The FAA said Thursday the computer outage that resulted in widespread flight delays and cancellations has been traced to a major telecommunications system in Utah.
Problems began at about 5 a.m. EST and lasted for roughly four hours, according to the Federal Aviation Administration.
Agency officials said the outage was the result of a software-configuration problem at its Telecommunications Infrastructure in Salt Lake City, Utah, that controls air-traffic flow.
They also said there is no indication the outage was the result of a cyber attack and that it impacted the National Airspace Data Interchange Network — which relies on the Utah-based computer to process flight plans.
During the outage, air-traffic controllers managed flight plans manually and safely according to FAA contingency plans, the agency said.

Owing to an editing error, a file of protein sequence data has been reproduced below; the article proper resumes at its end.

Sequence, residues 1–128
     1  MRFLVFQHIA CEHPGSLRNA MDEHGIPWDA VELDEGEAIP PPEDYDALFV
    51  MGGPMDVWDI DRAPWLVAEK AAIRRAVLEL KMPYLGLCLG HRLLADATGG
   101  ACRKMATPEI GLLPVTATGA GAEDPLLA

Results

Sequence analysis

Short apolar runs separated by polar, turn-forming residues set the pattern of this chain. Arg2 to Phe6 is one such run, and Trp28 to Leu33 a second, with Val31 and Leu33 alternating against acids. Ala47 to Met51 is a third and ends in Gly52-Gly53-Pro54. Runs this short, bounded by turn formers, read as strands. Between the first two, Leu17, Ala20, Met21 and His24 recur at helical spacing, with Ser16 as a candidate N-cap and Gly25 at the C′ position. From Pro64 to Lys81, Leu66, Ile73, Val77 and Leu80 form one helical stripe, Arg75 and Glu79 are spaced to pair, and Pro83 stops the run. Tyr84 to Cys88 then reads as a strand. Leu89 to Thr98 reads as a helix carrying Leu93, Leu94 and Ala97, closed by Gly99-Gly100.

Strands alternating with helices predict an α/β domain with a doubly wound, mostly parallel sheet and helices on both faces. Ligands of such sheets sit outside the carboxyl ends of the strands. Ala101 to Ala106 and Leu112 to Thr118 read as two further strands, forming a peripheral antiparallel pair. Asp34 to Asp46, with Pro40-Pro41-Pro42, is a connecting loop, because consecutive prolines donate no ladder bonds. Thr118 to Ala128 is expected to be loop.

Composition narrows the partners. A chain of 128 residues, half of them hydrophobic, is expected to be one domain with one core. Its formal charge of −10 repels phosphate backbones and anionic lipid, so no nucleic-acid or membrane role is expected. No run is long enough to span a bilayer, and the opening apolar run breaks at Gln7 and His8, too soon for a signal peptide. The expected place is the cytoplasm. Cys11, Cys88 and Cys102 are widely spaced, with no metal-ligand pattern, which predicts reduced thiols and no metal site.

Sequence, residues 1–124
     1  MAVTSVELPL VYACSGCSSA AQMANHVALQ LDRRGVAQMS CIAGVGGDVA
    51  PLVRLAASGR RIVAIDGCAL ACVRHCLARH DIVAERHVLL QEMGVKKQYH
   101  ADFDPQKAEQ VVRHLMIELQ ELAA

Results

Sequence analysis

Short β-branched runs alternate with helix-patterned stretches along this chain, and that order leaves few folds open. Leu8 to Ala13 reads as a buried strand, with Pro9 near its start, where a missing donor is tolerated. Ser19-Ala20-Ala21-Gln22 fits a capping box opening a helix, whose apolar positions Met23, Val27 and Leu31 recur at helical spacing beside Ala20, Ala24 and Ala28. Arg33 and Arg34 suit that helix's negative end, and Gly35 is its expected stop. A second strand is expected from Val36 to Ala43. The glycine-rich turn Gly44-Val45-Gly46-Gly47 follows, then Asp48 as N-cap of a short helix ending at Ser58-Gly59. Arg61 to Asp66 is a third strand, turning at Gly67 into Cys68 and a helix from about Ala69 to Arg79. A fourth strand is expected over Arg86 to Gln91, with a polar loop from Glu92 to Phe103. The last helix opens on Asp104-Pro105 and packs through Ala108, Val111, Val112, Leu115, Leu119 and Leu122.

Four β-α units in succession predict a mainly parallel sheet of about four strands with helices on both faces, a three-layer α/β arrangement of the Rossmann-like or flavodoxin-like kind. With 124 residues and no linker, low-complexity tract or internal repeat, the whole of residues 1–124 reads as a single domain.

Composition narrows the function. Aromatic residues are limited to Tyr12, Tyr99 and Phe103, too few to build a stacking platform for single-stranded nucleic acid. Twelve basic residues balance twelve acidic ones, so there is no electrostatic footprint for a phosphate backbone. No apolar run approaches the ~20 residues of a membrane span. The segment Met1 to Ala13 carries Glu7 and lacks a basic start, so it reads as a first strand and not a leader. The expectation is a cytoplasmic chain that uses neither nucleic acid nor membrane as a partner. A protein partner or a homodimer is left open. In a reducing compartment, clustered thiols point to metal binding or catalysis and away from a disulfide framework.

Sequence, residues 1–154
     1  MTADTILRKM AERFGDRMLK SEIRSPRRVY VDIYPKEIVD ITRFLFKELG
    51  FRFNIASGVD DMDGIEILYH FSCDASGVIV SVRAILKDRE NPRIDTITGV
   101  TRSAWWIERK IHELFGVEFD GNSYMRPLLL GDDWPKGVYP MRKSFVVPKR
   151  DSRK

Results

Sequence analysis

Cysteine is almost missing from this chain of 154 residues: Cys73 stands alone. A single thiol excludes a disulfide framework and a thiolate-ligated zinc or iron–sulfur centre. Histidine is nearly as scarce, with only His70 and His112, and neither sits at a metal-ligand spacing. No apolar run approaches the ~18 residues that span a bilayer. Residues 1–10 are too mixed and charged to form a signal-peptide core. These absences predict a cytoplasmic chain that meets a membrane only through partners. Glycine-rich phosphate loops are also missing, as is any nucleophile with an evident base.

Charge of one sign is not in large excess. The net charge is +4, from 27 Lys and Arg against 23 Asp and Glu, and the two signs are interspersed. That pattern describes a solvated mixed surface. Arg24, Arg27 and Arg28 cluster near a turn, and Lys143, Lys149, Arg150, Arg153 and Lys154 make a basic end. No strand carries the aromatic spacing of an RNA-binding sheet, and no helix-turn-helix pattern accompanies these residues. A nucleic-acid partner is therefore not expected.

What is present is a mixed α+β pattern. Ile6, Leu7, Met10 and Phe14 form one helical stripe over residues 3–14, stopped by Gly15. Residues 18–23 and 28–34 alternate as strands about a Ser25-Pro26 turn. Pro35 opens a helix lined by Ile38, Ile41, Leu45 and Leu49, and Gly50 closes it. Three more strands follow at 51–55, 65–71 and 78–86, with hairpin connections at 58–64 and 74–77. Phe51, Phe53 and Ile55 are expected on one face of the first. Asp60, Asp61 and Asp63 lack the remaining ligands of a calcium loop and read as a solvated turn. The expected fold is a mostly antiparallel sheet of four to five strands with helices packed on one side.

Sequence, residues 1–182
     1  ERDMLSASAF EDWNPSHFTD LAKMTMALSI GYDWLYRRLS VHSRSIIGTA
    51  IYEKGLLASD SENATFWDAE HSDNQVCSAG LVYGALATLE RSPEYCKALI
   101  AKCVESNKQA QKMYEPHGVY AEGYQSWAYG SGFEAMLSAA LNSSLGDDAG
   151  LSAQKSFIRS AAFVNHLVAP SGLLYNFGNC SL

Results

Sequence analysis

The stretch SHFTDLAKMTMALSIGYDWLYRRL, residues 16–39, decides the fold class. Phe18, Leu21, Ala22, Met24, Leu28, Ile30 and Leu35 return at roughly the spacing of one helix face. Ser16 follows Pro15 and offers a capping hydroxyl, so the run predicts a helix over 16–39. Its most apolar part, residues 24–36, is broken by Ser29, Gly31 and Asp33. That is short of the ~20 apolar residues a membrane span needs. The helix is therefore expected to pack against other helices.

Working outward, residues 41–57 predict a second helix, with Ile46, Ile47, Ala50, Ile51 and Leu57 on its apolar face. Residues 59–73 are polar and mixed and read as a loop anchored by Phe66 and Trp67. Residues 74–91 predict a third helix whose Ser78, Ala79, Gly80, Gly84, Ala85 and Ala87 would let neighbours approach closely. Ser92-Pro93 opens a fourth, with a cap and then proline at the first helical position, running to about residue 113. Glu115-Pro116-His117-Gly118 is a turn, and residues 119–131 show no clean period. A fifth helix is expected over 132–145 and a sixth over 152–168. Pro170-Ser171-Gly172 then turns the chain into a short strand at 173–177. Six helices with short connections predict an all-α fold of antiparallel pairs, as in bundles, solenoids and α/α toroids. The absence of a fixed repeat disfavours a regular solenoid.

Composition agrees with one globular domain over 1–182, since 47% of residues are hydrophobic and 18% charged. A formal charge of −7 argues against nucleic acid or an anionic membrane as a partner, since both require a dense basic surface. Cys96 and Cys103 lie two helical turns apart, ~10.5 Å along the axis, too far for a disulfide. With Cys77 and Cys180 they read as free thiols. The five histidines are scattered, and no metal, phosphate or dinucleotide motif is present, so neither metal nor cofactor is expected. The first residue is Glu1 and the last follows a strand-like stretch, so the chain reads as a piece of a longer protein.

AirTran spokesman Christopher White said the airline had canceled 38 flights by 9 a.m. EST and dozens more had been delayed.
By mid-afternoon, the FAA’s Web site shows delays of 45 minutes or more only in the Northeast corridor — from Philadelphia to Boston. However, the delays also are being attributed to a low-pressure system that includes rain and fog.
A team of FAA technical and safety experts is investigating the outage, the agency said.
In addition, agency Administrator Randy Babbitt is meeting with representatives from Harris Co., which manages the Utah-based computer to discuss corrections to prevent future outages.